David Bourget (Western Ontario)
David Chalmers (ANU, NYU)
Rafael De Clercq
Jack Alan Reynolds
Learn more about PhilPapers
Phenomenology and the Cognitive Sciences 9 (3):437-458 (2010)
Shaun Gallagher and Dan Zahavi have recently argued against a simulationist interpretation of neural resonance. Recognizing intentions and emotions in the facial expressions and gestures of others may be subserved by e.g. mirror neuron activity, but this does not mean that we first experience an intention or emotion and then project it onto the other. Mirror neurons subserve social cognition, according to Gallagher and Zahavi, by being integral parts of processes of enactive social perception. I argue that the notion of enactive social perception does not yet explain why social perception is subserved by mirroring. I also argue that this problem cannot be avoided by means of an appeal to multiple realization. Instead, I propose a holistic model of neural resonance-based social cognition that does give an explanatory role to mirroring by allowing for a partial experiential overlap between experiencing and recognizing emotions and intentions. This account avoids the simulationist step-wise conception of social cognition and recognizes the qualitative difference between first- and third-person emotion and intention attribution. It does capture too much of the simulationist intuitions, however, to warrant the label ‘social perception’
|Keywords||Social perception Simulation theory Neural resonance Mirror neurons Mental holism|
|Categories||categorize this paper)|
Setup an account with your affiliations in order to access resources via your University's proxy server
Configure custom proxy (use this if your affiliation does not provide a proxy)
|Through your library|
References found in this work BETA
Shaun Gallagher (2005). How the Body Shapes the Mind. Oxford: Clarendon Press.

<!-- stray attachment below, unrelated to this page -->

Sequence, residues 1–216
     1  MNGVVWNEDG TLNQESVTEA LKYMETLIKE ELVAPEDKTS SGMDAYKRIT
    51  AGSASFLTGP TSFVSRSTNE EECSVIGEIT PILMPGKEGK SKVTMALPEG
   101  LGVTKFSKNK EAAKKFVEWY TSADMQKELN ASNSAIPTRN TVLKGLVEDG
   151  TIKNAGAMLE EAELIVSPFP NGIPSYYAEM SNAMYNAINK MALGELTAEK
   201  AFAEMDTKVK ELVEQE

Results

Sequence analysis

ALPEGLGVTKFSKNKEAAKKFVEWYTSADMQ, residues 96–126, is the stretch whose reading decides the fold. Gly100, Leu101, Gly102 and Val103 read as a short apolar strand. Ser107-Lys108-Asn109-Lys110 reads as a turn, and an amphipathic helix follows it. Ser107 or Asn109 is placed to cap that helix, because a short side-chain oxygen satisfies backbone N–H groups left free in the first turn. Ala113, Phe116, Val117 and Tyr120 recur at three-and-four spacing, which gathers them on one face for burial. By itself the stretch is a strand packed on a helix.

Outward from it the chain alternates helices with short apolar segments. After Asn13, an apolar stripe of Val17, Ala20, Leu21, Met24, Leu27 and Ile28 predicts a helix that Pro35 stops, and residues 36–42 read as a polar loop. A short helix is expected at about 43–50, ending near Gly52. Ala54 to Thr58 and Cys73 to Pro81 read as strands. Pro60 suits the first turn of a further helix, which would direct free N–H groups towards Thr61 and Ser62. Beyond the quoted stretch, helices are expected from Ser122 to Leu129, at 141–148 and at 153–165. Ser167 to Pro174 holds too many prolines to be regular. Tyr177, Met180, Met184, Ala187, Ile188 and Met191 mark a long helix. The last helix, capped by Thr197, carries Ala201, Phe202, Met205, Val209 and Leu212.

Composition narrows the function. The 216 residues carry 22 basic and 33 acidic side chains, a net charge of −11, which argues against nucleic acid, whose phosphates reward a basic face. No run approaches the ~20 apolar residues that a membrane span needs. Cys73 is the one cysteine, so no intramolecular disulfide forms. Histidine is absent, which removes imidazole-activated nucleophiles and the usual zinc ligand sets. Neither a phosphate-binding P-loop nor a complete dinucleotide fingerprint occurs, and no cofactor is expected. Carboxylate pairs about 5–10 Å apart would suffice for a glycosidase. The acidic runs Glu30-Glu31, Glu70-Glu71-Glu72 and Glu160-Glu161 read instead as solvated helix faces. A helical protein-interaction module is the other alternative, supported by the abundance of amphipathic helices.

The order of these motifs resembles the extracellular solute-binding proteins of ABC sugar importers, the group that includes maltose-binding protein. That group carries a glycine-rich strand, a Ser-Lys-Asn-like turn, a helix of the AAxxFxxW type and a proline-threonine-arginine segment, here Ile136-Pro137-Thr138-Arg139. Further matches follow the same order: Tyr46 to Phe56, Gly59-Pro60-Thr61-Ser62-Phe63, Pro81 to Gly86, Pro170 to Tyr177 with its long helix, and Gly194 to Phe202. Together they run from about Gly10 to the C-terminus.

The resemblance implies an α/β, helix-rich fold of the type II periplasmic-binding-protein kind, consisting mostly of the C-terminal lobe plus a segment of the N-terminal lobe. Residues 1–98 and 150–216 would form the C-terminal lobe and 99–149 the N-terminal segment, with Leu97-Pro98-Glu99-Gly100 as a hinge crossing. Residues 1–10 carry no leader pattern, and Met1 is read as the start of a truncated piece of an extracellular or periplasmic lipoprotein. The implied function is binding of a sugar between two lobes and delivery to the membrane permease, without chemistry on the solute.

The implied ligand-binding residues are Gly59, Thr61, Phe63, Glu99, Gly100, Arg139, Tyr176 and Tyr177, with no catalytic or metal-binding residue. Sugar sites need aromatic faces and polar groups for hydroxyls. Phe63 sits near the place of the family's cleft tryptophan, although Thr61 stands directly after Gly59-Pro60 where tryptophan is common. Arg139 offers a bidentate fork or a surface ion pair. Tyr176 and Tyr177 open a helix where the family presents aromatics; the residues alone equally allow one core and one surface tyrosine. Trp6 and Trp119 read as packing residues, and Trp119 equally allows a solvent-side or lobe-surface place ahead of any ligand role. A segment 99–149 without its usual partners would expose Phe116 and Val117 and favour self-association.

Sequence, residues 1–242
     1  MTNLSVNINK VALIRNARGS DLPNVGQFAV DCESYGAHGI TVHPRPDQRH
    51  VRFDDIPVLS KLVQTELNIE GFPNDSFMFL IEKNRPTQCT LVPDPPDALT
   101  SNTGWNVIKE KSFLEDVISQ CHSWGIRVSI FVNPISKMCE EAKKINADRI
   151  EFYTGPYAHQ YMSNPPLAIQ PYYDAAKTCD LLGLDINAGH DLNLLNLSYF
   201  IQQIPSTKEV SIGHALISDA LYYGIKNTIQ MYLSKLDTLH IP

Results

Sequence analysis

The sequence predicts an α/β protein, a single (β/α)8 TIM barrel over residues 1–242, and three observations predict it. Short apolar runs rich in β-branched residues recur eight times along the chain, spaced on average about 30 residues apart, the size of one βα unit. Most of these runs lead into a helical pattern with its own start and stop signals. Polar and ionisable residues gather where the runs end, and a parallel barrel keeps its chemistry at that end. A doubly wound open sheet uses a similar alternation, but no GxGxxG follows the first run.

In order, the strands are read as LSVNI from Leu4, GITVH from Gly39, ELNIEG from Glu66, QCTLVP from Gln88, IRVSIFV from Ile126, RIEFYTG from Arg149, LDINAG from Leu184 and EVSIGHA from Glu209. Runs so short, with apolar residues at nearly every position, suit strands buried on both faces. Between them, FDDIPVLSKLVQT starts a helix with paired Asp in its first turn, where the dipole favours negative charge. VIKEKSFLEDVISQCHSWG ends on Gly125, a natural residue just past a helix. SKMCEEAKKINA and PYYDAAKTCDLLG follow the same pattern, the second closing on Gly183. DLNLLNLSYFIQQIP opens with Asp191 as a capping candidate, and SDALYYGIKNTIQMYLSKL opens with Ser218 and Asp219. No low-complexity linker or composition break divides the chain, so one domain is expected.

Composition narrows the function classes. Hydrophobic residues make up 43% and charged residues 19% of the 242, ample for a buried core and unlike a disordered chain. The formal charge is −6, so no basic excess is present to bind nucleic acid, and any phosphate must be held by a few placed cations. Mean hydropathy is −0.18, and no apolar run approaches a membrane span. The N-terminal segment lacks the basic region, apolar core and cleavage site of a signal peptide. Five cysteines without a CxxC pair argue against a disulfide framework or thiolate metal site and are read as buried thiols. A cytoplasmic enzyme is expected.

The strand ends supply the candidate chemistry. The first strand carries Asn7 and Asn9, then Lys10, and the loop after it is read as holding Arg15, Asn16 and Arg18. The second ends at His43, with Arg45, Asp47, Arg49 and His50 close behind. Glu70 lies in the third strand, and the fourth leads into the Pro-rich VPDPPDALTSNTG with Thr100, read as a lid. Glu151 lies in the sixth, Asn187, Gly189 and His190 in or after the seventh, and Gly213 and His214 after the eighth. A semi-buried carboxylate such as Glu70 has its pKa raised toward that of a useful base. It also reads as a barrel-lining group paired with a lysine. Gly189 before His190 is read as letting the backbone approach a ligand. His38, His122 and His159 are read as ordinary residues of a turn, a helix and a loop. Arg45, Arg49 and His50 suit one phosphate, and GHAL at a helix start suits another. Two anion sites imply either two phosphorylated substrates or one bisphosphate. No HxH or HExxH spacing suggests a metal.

A. Goldman (2006/2008). Simulating Minds: The Philosophy, Psychology, and Neuroscience of Mindreading. Oxford University Press.
David J. Chalmers (1996). The Conscious Mind: In Search of a Fundamental Theory. Oxford University Press.
Dan Zahavi (2005). Subjectivity and Selfhood: Investigating the First-Person Perspective. Cambridge MA: Bradford Book/MIT Press.
Derek Parfit (1984). Reasons and Persons. Oxford University Press.
Citations of this work BETA
Ekaterina Abramova & Marc Slors (2015). Social Cognition in Simple Action Coordination: A Case for Direct Perception. Consciousness and Cognition 36:519-531.
Daniel D. Hutto (2013). Action Understanding: How Low Can You Go? Consciousness and Cognition 22 (3):1142-1151.
Marc Slors (2012). The Model-Model of the Theory-Theory. Inquiry 55 (5):521-542.
Similar books and articles
Alvin I. Goldman & Chandra S. Sripada (2005). Simulationist Models of Face-Based Emotion Recognition. Cognition 94 (3):193-213.
Marek McGann & Hanne De Jaegher (2009). Self–Other Contingencies: Enacting Social Perception. [REVIEW] Phenomenology and the Cognitive Sciences 8 (4):417-437.
Hanne De Jaegher (2009). Social Understanding Through Direct Perception? Yes, by Interacting. Consciousness & Cognition 18 (2):535-542.
Shannon Spaulding (2013). Mirror Neurons and Social Cognition. Mind and Language 28 (2):233-257.
Mitchell Herschbach (2008). Folk Psychological and Phenomenological Accounts of Social Perception. Philosophical Explorations 11 (3):223 – 235.
John Michael (2012). Mirror Neurons and Social Cognition: An Expanded Simulationist Framework. In Henk W. de Regt (ed.), Epsa Philosophy of Science: Amsterdam 2009. Springer 217--226.
Shaun Gallagher (2008). Inference or Interaction: Social Cognition Without Precursors. Philosophical Explorations 11 (3):163 – 174.
N. Gangopadhyay & L. Schilbach (2011). Seeing Minds: A Neurophilosophical Investigation of the Role of Perception-Action Coupling in Social Perception. Social Neuroscience.
Shaun Gallagher (2007). Simulation Trouble. Social Neuroscience 2 (3-4):353â365.
Added to index2009-09-21
Total downloads42 ( #80,230 of 1,726,994 )
Recent downloads (6 months)2 ( #289,822 of 1,726,994 )
How can I increase my downloads?